I stumbled into women’s studies unexpectedly as a minor in college. I had entered undergrad thinking I would become an English teacher. First semester of sophomore year, I started my first education class. I lasted a week. It became clear to me very quickly that teaching was not for me. I then started to panic. I needed to have four classes in the semester to keep my scholarship so I went scrambling to find a class to fill the gap. I didn’t have many to choose from that had room left. I stumbled across a class called Women’s Social Movements that had space. It would change the focus of my undergraduate studies. I have never worked harder in my life than I did for that class but it was worth it as it opened up a whole new realm of study for me that I’d only really been vaguely aware of.
Because of my stumbling into Women’s Studies, I didn’t take the intro to Women’s Studies (WS 101) until I was a junior. By then, I’d picked up bits and pieces of the theory along the way through other classes. I adored my 101 class though; digging into the theory and history of women was fascinating. Because of that, I looked forward to reading Stephanie Staal’s Reading Women: How the Great Books of Feminism Changed My Life in which Staal returns to her alma mater to re-take Barnard’s 101 equivalent, Fem Texts years after she left.
This book makes me wish I could re-take WS 101 again. Like most women’s studies classes, it was hard and I worked like a dog for it but I loved every minute of all the reading, response papers and class discussion prep. In reading Staal, I was able to remember all the wonderful texts that we discussed and looked at but also re-visit them and see if, like Staal found, my opinions had changed about them.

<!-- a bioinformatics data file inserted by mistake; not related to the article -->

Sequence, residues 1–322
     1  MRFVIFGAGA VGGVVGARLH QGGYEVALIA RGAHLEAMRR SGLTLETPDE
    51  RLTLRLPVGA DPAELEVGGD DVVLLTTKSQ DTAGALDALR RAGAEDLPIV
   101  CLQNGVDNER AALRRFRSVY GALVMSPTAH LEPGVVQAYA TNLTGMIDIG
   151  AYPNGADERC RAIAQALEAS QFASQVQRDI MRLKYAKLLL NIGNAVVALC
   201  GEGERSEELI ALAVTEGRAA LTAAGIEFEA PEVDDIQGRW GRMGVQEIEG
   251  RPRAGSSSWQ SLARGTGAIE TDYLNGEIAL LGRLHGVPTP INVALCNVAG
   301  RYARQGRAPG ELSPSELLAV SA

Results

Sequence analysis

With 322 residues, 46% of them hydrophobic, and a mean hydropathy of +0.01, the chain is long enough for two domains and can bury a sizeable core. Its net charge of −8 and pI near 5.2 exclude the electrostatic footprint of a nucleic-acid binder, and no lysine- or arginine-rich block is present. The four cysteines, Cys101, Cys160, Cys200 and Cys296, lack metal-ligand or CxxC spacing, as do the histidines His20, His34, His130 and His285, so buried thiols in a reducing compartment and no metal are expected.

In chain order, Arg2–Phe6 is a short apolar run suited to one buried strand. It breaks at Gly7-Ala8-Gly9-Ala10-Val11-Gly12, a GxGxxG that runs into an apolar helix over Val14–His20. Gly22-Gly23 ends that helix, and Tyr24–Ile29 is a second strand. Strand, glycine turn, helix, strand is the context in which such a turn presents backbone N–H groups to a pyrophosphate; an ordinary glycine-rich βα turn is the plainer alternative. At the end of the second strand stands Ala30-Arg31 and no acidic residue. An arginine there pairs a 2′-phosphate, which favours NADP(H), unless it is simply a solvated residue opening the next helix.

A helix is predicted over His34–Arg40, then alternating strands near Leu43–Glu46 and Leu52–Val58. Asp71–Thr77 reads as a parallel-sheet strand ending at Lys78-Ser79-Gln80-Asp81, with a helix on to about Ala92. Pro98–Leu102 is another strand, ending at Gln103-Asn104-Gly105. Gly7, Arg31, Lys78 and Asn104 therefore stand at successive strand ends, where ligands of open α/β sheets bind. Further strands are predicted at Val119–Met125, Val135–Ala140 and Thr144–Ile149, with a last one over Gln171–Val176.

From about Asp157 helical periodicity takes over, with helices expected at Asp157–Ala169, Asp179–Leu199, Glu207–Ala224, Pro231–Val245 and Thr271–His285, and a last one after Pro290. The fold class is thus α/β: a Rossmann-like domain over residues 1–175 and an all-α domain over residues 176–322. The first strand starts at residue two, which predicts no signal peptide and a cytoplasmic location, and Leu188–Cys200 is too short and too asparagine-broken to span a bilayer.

Staal not only retakes her Fem Texts class but she shares her life story while she does so, revisiting her parents’ divorce, her 20s in New York City in the mid-90s, getting married, having a daughter and then moving to the suburbs in quick succession and the stress that took on her and her husband. In re-visiting Fem Texts, Staal not only re-reads and re-examines her response to the texts, she’s also getting to see what the current generation of Barnard students think of them. I liked Staal a lot; she’s an engaging and honest writer. I am sure there are things she wanted to sugar coat a bit; her and her husband go through a rough patch over the book, but Staal never hides it or shys away from it. She was also a very self-aware writer which I think some authors in this kind of book are missing. I wanted to be in class with Staal and the students discussing Wollstonecraft, Beauvoir, Woolf, Friedan et al. The book made me reach for my worn copies on my shelves and glance through my margin notes from classes 10 years ago. I think the first wavers are still my favorite, the second wavers interesting and then third wave a bit too much for me (their theories fall into post modernism and I loathed that in my literature classes as well).
This book reminded me of all the best of women’s studies classes and why I loved them; the discussion, the ability to take a theory and edit it for my own life as needed and the ability to use it to relate the world I see around me. It was nice to have this trip down memory lane with such a great guide.